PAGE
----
The Enlightenment stands as an age of scientific reason, where magic and religion were marginalized as alternative resources of public self-conduct. Among the many historical phenomena that problematize such an account, few are more revealing than the extraordinary success of mesmerism after the 1770s. This medical theory, invented by the Viennese physician F.A. Mesmer, simultaneously drew on the legacy of Newtonian physics and vitalist medicine, while forging strong alliances with freemasonry, nonconfessional Christianity, and pre-revolutionary politics.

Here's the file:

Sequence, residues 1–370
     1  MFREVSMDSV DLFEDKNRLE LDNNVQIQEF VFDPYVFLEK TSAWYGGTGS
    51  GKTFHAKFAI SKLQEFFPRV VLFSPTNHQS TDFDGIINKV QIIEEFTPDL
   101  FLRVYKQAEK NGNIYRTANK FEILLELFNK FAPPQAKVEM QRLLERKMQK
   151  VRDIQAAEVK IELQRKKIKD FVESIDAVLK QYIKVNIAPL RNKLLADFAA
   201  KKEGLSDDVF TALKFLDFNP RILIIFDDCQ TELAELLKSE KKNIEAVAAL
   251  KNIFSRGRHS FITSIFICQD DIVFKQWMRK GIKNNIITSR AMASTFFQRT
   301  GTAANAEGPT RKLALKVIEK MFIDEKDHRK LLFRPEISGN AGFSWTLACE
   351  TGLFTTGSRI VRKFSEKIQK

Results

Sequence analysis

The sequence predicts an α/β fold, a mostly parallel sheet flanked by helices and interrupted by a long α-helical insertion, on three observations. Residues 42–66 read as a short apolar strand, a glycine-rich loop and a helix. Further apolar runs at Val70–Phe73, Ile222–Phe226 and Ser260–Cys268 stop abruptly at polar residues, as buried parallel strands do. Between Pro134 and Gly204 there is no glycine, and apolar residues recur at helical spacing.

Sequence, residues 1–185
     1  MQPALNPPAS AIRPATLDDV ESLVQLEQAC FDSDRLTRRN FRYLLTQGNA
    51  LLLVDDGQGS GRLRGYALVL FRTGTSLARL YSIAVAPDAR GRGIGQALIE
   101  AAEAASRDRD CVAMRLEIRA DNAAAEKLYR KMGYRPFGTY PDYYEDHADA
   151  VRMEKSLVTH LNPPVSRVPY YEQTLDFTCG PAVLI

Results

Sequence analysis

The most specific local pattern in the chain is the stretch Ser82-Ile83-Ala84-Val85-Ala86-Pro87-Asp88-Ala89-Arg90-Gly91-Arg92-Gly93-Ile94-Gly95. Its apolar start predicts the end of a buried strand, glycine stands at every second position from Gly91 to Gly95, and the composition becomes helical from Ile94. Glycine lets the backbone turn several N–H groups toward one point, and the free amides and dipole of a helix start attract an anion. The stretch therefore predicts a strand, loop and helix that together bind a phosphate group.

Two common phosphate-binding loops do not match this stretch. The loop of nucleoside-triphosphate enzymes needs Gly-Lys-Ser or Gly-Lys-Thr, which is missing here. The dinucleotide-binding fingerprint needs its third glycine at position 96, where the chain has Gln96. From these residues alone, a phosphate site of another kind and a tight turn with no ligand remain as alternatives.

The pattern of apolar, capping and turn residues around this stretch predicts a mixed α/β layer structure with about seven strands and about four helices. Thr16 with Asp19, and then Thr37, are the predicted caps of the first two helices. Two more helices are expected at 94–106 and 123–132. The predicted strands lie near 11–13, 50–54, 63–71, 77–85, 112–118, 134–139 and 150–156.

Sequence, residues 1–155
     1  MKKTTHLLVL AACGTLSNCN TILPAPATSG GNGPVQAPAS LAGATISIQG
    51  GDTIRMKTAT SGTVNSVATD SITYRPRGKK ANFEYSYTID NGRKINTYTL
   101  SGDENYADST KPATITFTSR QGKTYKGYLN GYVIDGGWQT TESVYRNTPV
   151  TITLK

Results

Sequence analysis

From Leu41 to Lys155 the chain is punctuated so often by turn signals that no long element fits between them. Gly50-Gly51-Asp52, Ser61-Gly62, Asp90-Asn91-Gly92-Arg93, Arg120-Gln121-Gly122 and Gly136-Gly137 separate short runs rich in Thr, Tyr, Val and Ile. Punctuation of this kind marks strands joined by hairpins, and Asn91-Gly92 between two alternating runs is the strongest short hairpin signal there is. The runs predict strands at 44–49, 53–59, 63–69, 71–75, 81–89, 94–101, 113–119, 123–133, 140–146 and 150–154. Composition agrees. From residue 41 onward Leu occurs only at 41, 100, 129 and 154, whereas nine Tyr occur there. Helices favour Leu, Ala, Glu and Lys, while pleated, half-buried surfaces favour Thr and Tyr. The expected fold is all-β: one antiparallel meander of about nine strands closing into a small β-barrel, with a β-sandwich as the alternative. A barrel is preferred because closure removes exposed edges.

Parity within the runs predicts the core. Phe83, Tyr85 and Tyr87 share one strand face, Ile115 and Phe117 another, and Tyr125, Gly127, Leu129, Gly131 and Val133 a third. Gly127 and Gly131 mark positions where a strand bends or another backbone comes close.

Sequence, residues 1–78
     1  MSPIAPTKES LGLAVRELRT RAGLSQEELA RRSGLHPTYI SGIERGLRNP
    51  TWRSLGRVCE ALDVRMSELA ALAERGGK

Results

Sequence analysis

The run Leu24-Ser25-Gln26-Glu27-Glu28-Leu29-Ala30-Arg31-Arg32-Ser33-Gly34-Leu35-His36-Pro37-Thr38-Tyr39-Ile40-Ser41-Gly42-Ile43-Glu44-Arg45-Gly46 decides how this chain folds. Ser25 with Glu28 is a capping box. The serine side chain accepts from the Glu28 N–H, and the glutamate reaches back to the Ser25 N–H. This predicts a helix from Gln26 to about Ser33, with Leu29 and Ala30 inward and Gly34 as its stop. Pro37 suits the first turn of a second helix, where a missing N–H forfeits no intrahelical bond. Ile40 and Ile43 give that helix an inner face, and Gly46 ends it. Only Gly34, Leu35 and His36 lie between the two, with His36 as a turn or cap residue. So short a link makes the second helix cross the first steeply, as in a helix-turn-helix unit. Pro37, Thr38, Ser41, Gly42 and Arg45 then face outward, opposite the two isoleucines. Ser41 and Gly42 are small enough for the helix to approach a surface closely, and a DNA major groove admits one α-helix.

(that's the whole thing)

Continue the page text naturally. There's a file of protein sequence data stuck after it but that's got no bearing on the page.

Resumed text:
This project takes a thoroughly non-teleological, symmetrical approach to the issue, which differs from previous research in two ways. First, it wishes to reconstruct mesmerists’ socio-epistemic maps of the complex relation between man, nature, truth, sociability, and institutions, which structure the individual pursuit of knowledge. Second, it focuses on the socio-epistemic vocabularies and concepts deployed by actors themselves. By applying this approach to mesmerism, we intend to uncover a more nuanced understanding of Enlightenment actors’ epistemic aspirations, which does not draw on anachronistic descriptive terms like ‘medical’, ‘political’, or ‘(un)orthodox’. As our specific case study, we focus on the Society of Universal Harmony (1783-1787), an intense socio-epistemic laboratory where so-called ‘medical’, ‘socio-political’, and ‘soteriological’ versions of mesmerism circulated and mutually demarcated one another.